Roman Goddess of Beauty. Venus is usually one the
brightest objects in the sky, which might be the reason
it got its name. It is quite similar to the planet earth
mainly in its size and a few other characteristics which
is why it is often considered the Earth’s twin. However,
surface conditions are not nearly the same making it
a quite inhospitable environment.

4. (1) Venus is the brightest planet in our sky and can
sometimes be seen with the naked eye if we know
where to look. It is the solar system’s brightest planet
— yellow clouds of sulfuric acid reflect the sun’s light
brightly and has its orbit closest to sun but only next
to mercury.

5. (2) Light travels at 186,000 miles a second at the Earth
is 93 million miles to Sun on average. This works out
as 8.33 minutes for light from the Sun to reach Earth.
On average, it takes energy between 10,000 and
170,000 years to leave the sun’s interior and then be
emitted from the surface as light. Sunlight, in the
broad sense, is the total frequency spectrum of
electromagnetic radiation given off by the Sun,
particularly infrared, visible, and ultraviolet light. On
Earth, sunlight is filtered through the Earth’s
atmosphere, and is obvious as daylight when the Sun
is above the horizon.

6. (1) The surface of the sun is called the photosphere.
The photosphere is 340 miles thick and it’s temperature
s range from 5,500°C to 6,000°C. It has dark spots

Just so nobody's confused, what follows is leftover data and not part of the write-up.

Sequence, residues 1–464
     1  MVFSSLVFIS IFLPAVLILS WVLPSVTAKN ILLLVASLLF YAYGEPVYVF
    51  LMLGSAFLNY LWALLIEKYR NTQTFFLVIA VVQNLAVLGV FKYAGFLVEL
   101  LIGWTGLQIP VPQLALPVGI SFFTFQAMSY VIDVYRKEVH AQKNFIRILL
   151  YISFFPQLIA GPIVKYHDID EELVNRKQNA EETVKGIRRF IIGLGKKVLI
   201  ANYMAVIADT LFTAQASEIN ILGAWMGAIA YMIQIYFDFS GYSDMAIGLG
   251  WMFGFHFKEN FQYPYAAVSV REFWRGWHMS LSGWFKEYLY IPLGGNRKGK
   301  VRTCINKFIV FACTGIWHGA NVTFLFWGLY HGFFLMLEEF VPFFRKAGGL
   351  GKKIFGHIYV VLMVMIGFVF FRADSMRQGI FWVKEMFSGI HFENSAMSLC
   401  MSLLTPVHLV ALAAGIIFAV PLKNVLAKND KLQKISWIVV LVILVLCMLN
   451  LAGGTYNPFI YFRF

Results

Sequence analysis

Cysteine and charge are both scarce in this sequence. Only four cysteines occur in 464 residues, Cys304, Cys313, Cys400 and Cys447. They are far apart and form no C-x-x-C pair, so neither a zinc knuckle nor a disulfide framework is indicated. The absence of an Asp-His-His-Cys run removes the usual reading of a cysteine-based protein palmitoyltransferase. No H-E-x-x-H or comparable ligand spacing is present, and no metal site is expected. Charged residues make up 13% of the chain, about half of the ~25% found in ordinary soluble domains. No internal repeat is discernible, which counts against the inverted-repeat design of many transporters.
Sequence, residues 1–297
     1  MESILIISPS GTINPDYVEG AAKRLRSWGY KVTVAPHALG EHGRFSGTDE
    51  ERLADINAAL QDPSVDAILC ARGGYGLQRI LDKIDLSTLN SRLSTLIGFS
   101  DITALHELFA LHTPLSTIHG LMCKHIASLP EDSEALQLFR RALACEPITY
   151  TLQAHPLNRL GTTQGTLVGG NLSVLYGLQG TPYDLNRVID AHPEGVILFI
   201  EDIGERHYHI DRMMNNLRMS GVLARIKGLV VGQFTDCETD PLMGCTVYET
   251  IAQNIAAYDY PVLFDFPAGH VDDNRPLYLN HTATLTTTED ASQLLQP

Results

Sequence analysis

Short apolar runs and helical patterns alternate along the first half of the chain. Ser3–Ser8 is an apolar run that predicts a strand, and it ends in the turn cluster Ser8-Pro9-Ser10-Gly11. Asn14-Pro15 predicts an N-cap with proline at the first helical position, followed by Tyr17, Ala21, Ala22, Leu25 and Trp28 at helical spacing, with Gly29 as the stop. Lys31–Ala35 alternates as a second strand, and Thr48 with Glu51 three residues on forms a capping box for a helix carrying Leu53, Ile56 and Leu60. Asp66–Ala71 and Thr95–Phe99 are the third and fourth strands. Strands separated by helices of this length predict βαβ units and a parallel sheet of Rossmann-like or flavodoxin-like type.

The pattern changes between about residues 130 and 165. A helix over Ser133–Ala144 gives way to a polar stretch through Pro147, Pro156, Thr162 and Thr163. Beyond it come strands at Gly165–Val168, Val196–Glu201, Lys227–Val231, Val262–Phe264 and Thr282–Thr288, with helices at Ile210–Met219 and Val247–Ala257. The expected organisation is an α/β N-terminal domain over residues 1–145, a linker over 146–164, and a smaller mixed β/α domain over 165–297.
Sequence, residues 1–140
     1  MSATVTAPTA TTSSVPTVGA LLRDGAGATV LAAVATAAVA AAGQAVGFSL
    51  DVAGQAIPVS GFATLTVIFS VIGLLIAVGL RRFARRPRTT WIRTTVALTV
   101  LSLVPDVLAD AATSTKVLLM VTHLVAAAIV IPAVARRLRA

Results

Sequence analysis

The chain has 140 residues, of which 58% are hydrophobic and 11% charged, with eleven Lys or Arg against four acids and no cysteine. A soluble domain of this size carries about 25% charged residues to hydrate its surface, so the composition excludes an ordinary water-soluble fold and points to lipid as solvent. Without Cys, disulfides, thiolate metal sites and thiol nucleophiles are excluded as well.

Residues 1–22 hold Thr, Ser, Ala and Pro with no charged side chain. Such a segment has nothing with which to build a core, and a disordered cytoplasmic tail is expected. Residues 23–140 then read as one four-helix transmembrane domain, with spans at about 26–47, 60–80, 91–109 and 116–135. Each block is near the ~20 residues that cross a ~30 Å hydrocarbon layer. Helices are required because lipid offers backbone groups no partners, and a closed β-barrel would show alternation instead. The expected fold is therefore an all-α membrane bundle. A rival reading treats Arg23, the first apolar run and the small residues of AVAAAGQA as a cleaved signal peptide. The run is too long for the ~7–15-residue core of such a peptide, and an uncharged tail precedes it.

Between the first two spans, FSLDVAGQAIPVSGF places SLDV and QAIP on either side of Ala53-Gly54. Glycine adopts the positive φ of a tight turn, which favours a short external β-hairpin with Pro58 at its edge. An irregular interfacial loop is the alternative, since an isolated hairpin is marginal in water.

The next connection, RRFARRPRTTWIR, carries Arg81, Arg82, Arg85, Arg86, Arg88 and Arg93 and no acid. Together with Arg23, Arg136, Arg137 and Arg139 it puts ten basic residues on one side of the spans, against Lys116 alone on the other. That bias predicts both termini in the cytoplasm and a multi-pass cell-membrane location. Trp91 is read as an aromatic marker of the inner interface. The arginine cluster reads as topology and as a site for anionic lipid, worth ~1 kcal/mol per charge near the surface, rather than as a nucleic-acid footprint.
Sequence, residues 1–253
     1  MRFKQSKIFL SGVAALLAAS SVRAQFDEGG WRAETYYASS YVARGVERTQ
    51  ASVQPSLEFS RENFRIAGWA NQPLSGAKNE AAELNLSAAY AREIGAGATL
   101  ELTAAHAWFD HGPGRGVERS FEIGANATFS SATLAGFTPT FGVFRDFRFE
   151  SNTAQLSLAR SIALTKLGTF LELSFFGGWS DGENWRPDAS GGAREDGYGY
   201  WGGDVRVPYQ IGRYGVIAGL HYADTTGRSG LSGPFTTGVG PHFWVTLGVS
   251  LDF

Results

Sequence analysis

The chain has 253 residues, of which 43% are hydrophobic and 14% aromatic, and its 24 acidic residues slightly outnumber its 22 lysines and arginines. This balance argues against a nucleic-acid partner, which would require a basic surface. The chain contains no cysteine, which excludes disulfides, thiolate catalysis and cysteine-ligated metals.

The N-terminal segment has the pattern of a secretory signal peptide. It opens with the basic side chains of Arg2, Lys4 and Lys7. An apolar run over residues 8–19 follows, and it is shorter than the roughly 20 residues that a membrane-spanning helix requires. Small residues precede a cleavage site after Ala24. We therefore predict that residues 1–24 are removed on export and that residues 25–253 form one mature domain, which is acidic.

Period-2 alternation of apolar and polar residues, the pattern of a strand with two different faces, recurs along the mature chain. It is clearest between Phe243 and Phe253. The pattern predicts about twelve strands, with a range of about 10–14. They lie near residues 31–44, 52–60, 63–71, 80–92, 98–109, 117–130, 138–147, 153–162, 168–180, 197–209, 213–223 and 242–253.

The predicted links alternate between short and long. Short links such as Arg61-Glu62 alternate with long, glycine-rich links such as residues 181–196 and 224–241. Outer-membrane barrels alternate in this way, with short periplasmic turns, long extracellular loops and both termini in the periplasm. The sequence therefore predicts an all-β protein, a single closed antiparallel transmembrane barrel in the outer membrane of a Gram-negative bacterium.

called sunspots which are the only solar activity
observable by the naked eye.

7. (3) Mercury and Venus are the only two recognized
planets in our solar system without moons. However,
there are many, many planets in the universe and a
significant portion of these, if our solar system is
assumed representative of at least a significant portion
of the universe’s planetary systems likely have no
moons.

8. (3) Mars is the fourth planet from the Sun and the
second smallest planet in the Solar System. Named
after the Roman god of war, it is often described as
the “Red Planet”, as the iron oxide prevalent on its
surface gives it a reddish appearance. Mars is a
terrestrial planet with a thin atmosphere, having
surface features reminiscent both of the impact craters
of the Moon and the volcanoes, valleys, deserts, and
polar ice caps of Earth.

9. (1) Venus has the highest albedo of any planet in our
solar system. Venus is so bright partly because it
reflects over 70 per cent of sunlight striking it. It owes
its reflective ability to the fact that it’s blanketed with
clouds. Sunlight bouncing from these clouds is what
makes Venus so bright.

10. (1) The Milky Way is the galaxy that contains our solar
system. This name derives from its appearance as a
dim “milky” glowing band arching across the night sky,
in which the naked eye cannot distinguish individual
stars. Observational evidence for the Milky Way being
made up of distant stars first came when Galileo
pointed his telescope towards the Milky Way, observing
a large amount of faint stars.